EDL demo cost Calderdale £140,000

9th July 2011. English Defence League demonstration in Halifax. Riot police contain EDL members after they broke free into the grounds of Eureka.
9th July 2011. English Defence League demonstration in Halifax. Riot police contain EDL members after they broke free into the grounds of Eureka.

THE English Defence League protest in Halifax cost taxpayers more than £140,000.

And that’s £1 for every adult in Calderdale.

Six people were arrested during the event on July 9 and a police office suffered a dislocated shoulder.

The direct costs to Calderdale Council amounted to £60,000.

And the council has estimated the bill so far for the West Yorkshire Police at £82,000, councillors were told.

The council bill covers staff time, overtime, officers meetings and a host of other costs.

On top of this figure, traders and publicans lost thousands of pounds on the day as the town centre was disrupted.

The extra expenditure has prompted councillors to write to the Home Office to inform ministers of the implications.

There was unanimous condemnation of the EDL at Calderdale Council’s monthly meeting.

But Liberal Democrat leader Janet Battye (Calder) stopped short of calling for a ban on such protests.

“Such a move needs more debate and discussion, she said.

Deputy leader Tim Swift (Lab, Town) said that among other things, the council spent £10,000 on the day of the protest on “diversionary activities” for young people who might otherwise have been drawn to the protest.

He said the decision of some publicans to close that day had been helpful and it was unfortunate that the Eureka Children’s Museum also had to close so that the protestors could be coralled in the station car park.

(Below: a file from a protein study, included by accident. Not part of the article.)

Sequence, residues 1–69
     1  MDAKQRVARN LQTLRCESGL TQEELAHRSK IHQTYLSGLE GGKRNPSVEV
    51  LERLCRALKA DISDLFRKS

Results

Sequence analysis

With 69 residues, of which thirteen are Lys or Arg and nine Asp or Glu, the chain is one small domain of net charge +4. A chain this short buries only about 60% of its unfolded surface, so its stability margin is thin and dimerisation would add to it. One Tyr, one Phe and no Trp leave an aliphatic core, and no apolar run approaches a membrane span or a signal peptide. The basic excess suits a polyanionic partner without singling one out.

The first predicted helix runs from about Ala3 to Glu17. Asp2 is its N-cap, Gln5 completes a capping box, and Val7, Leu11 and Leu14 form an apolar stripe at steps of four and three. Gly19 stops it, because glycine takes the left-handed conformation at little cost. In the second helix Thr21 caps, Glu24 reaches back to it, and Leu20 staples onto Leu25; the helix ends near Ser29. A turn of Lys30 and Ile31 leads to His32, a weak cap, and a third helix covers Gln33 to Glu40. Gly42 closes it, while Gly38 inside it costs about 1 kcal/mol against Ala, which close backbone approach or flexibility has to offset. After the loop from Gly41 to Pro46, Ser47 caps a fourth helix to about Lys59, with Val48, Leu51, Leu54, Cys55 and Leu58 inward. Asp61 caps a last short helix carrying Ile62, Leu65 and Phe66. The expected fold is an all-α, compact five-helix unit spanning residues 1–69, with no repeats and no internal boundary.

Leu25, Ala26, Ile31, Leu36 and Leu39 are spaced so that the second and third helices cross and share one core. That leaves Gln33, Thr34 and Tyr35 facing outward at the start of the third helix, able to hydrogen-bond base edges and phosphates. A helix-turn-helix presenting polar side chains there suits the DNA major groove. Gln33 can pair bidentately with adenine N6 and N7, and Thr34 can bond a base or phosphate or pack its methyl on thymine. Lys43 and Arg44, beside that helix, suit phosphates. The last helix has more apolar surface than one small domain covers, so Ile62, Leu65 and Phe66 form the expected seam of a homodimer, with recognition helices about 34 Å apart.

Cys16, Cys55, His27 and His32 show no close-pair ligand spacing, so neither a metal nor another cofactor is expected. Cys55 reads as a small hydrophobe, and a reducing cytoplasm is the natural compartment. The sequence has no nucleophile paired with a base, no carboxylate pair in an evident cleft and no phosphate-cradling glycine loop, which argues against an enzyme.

“The protest was unwarranted and unwanted and the people of Calderdale are to be congratulated for refusing to be provoked by the presence of the EDL,” said Coun Swift.

Councillor Robert Thornber (Con, Ryburn) said the organisers should be made topay for the police and council operations on the day, in the say way that some charities had to do for large scale events.

The council’s police spokesman David Kirton (Con, Hipperholme and Lightcliffe) said there were no powers to charge for supervising events where there was no commercial gain.

“It doesn’t seem fair when local organisations sometimes have to pay half of the costs involved and it is something I will be raising at the next police authority meeting,” he said.

West Yorkshire Police had to draft in officers from North Yorkshire, Humberside and South Yorkshire on July 9 and sealed off parts of Sowerby Bridge and King Cross as well as Halifax town centre.

Community leaders and groups who released a statement on the day of the demonstration condemning the EDL’s decision to come to Halifax.

It said: “We are a place where people live side by side, with common values based upon mutual respect, tolerance and unity.

“The actions of the EDL in choosing to demonstrate in Halifax today show that they care nothing for the well-being of anyone who lives, works in or cares about Halifax.

“They are not welcome in our town. It is time that they got this message from us.”